If your tegu’s enclosure is located indoors, then UVB lighting is mandatory; this is vital to a tegu’s health. There are many great bulbs on the market — look for them in stores that sell reptile supplies — so there is no reason to not equip your tegu’s enclosure with this important feature. Some keepers utilize a 12-hours-on, 12-hours-off light cycle with their tegus, but I use a split cycle that has the lights on for four hours in the morning, then they’re off for four hours before coming back on for four hours in the evening. Then it’s bedtime!

Proper enclosure temperatures for tegus should feature a heat gradient, with a heat lamp positioned over a basking area at the warmer end and a cooler end opposite. The temp at the basking spot should be 100 to 110 degrees Fahrenheit; the warmer end closest to the basking spot should stay around 90 to 95 degrees, and the cooler end of the enclosure should be 75 to 80 degrees.

Handling Your Tegu

I believe it is best, when trying to tame your tegu, that you do not stare directly into its eyes or make sudden moves with your hands. Always be gentle, calm, and talk softly so as not to frighten your pet.

One good method of taming is to take your tegu into a small room, such as the bathroom, and just sit with your pet while letting it roam. It won’t be long before your tegu starts crawling onto you as it gets calmer and perceives no threat from you. Do this regular to promote bonding. Eventually, as your tegu get older and larger, you will likely be able to place a leash on your pet to take it for a walks!

Food and Water for Tegus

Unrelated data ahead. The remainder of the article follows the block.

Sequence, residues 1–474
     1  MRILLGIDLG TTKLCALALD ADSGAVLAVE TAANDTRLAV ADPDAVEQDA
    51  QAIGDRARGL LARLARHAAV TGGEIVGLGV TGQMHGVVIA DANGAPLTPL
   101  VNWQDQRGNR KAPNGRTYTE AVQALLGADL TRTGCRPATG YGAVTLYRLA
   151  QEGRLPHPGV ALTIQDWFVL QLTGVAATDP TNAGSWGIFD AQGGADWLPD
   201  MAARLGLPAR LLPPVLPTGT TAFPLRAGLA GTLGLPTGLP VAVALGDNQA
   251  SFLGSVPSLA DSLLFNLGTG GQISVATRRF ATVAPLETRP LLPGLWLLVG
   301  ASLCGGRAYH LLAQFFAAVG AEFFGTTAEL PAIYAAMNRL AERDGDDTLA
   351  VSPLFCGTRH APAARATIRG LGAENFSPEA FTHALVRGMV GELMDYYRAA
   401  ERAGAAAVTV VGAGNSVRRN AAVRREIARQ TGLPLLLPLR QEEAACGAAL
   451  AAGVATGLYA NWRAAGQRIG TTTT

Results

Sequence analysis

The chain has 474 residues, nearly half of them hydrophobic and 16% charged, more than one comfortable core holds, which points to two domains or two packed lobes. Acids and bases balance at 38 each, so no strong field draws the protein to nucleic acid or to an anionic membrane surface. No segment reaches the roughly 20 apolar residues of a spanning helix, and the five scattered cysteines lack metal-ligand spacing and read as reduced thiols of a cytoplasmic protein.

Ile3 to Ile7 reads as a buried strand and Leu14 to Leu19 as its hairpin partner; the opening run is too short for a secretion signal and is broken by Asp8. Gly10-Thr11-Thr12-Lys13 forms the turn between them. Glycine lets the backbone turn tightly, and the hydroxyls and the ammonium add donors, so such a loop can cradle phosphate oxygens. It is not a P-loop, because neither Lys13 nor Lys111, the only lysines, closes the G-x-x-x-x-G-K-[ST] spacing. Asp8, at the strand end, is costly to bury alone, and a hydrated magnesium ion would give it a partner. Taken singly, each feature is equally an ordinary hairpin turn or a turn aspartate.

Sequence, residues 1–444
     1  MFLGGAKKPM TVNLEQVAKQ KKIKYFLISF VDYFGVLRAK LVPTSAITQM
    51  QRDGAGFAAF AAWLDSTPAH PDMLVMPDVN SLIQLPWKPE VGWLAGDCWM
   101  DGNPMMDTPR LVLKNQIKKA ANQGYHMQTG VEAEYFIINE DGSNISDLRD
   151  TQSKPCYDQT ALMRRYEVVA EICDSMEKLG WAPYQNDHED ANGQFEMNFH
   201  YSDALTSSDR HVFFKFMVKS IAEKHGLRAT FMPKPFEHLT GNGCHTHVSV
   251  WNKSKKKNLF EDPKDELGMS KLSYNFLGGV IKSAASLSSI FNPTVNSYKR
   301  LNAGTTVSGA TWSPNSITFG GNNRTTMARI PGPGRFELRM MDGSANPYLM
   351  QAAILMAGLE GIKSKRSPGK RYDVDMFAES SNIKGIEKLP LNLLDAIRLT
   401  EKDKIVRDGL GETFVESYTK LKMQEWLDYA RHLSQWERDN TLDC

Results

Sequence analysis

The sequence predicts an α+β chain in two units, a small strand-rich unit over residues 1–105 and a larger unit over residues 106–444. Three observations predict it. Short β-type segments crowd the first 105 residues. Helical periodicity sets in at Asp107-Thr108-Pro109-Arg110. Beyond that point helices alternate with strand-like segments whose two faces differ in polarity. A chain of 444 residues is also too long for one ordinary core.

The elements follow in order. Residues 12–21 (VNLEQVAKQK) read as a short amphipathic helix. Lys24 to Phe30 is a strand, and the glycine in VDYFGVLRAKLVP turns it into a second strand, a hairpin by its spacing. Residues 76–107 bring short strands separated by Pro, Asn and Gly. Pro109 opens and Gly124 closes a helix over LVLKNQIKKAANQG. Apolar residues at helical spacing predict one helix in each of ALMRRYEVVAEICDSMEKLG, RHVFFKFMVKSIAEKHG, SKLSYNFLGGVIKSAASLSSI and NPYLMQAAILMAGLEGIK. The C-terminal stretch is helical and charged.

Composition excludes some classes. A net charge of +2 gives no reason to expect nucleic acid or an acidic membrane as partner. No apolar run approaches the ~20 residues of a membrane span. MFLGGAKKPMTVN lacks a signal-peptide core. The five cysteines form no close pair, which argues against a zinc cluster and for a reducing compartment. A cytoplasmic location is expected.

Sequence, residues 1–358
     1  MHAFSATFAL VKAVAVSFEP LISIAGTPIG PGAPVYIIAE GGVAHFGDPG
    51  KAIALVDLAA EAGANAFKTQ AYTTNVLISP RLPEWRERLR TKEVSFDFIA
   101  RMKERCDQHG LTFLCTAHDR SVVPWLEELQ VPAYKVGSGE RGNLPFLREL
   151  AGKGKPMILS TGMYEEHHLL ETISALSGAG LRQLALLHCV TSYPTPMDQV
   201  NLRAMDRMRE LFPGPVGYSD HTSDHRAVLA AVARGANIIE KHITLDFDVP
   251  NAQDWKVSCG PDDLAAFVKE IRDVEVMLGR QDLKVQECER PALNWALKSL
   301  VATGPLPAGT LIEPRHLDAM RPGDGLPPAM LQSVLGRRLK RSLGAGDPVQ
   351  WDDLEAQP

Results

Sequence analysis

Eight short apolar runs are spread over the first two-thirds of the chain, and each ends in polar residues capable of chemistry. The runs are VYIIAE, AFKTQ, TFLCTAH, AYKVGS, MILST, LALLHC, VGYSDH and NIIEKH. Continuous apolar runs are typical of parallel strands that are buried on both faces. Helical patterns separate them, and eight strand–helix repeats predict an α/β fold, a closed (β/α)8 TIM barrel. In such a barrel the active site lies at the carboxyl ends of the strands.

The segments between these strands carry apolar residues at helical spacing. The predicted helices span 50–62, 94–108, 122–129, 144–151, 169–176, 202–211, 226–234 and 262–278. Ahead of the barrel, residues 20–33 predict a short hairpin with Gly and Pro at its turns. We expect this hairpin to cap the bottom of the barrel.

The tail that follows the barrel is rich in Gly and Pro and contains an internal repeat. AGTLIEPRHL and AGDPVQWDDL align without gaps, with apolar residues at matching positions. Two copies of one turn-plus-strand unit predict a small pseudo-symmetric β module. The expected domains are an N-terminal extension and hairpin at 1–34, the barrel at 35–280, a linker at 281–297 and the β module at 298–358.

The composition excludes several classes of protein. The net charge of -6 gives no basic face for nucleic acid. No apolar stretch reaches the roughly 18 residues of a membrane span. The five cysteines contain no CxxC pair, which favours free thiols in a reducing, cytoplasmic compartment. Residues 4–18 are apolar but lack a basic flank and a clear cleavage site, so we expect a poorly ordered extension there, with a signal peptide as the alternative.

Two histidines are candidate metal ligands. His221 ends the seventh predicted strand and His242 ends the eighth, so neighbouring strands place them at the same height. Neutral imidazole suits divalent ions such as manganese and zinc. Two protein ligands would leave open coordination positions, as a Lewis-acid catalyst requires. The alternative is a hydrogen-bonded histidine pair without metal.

Tegus are omnivores in the wild, so there are many foods you can offer pets. Hatchlings will devour insects, but these must be dusted with calcium powder. Calcium is a must for healthy tegus, both young and adult! Adults can be offered whole frozen/thawed rodents, lean meat, fish, eggs, fruit and vegetation. It is best to vary a tegu’s diet, even if it means having to mix some things together in order to hide vegetation, which some may refuse to eat at first. I do not recommend feeding a whole-prey diet exclusively. I am partial to offering mine ground turkey, because it’s a lean meat, with added calcium. I feed hatchlings once a day, yearlings every other day, and adults every three days. On in-between days you can offer a treat, such as fresh fruit. Just remember, though, that an overweight tegu will not be a healthy one! Fresh, de-chlorinated drinking water should be provided daily in a water dish. A larger water container big enough for your tegu to soak in if desired can be provided, and I recommend soaking tegus in lukewarm water twice a week to aid in shedding.

Be sure your tegu can easily enter and exit the larger, possibly deeper soaking container, and I don’t recommend you leave your tegu alone during “bath time.” Although tegus can hold their breath for long periods, I have heard of some that drowned while their keepers were not present to keep an eye on them.

Specification: Captive Born Argentine Black and White Tegu Large

Weight 4 lbs
Dimensions 32 × 15 × 12 in